The Quarterly of the Texas State Historical Association, Volume 10, July 1906 - April, 1907 Page: 40
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Texas Historical Association Quarterly.
the Illinois country; that dictated the policy of refusing to receive
an American envoy; and that directed the mission of Rayneval to
England in a futile attempt to enclose the United States between
the Atlantic and the Appalachians.1 When, despite these efforts,
covertly aided by Vergennes, the American commissioners cleverly
succeeded in making favorable terms with England, the Spanish
minister, Count d'Aranda, could but sadly utter his notable
prophecy, "This federal republic is born a pigmy. A day will
come when it will be a giant, even a colossus, formidable in these
The marked friendliness of France for Spain was in keeping
with its general policy to obtain Louisiana and to make that prov-
ince as valuable as possible. That France did not succeed in 1783
in gaining actual possession of the coveted territory was due to her
financial weakness." This financial inability, however, did not in-
terfere with the preparation of memoirs reciting the advantages
that Louisiana would bring to France. One of these, written about
1787 and designed for De Moustier, the French minister to the
United States, came into possession of the Canadian authorities.4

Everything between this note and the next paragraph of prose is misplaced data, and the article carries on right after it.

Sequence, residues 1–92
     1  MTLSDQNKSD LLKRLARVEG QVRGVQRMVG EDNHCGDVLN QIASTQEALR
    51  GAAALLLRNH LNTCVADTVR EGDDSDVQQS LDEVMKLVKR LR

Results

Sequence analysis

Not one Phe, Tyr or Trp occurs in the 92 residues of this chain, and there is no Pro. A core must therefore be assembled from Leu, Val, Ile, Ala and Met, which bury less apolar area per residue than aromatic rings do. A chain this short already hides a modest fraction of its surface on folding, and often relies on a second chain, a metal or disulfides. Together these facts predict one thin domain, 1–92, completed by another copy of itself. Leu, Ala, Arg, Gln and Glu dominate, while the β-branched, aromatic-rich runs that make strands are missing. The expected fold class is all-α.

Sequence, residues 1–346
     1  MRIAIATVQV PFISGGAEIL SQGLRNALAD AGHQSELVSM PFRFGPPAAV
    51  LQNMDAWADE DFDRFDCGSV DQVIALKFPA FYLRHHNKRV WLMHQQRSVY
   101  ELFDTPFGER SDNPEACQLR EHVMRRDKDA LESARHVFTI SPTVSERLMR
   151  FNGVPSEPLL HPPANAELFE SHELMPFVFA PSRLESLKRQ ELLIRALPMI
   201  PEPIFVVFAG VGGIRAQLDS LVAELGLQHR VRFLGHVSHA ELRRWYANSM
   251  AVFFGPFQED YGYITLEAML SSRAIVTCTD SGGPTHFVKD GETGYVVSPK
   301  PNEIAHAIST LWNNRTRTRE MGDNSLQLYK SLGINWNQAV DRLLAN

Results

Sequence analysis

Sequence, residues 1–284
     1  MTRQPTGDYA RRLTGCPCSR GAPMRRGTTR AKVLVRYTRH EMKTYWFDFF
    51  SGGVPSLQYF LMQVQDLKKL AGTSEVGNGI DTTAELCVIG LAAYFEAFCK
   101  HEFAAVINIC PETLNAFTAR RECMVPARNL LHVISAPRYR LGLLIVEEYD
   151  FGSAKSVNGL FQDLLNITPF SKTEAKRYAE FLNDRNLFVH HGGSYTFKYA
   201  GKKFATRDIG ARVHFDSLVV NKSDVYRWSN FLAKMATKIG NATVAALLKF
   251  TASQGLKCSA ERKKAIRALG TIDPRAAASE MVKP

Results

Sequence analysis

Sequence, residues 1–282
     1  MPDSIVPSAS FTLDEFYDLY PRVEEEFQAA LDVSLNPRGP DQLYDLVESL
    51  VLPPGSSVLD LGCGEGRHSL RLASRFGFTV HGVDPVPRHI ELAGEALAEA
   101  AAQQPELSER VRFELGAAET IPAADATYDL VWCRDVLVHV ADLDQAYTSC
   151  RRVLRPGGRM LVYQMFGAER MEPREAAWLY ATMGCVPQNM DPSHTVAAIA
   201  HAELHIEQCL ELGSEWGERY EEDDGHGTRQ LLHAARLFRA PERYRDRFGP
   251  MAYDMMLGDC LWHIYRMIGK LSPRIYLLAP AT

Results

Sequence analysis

in one of his most important dispatches De Moustier likewise
showed his own interest in the subject, and in such a way as to
justify Jefferson's suspicions of his motives and of those of his
The position of the West towards Louisiana, particularly with
regard to the navigation of the Mississippi, early becane impor-
tant. Spain appealed to this sentiment through Wilkinson and
other leaders of the famous conspiracy of 1788, in an endeavor to
detach that section from the Union. On the other hand, the Can-
adian authorities later attempted to make use of this feeling to
organize an attack upon Louisiana with the aid of Kentucky volun-
'For a review of the attitude of Spain and France towards the U. S.,
cf. Foster, Century of American Diplomacy, Chapter II; Ogg, Opening of
the Mississippi, Chapter VIII; Turner, in American Historical Review,
X, 249-255; McLaughlin, The Confederation and the Constitution, Chap. II.
2Quoted in Ogg, 399.
"Ogg, Opening of the Mississippi, 462; American Historical Review, X
Report on Canadian Archives, 1890, 108-119.
'American Historical Rcviewo, X 257, note 3.
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Texas State Historical Association. The Quarterly of the Texas State Historical Association, Volume 10, July 1906 - April, 1907, periodical, 1907; Austin, Texas. (texashistory.unt.edu/ark:/67531/metapth101040/m1/48/: accessed April 30, 2017), University of North Texas Libraries, The Portal to Texas History, texashistory.unt.edu; crediting Texas State Historical Association.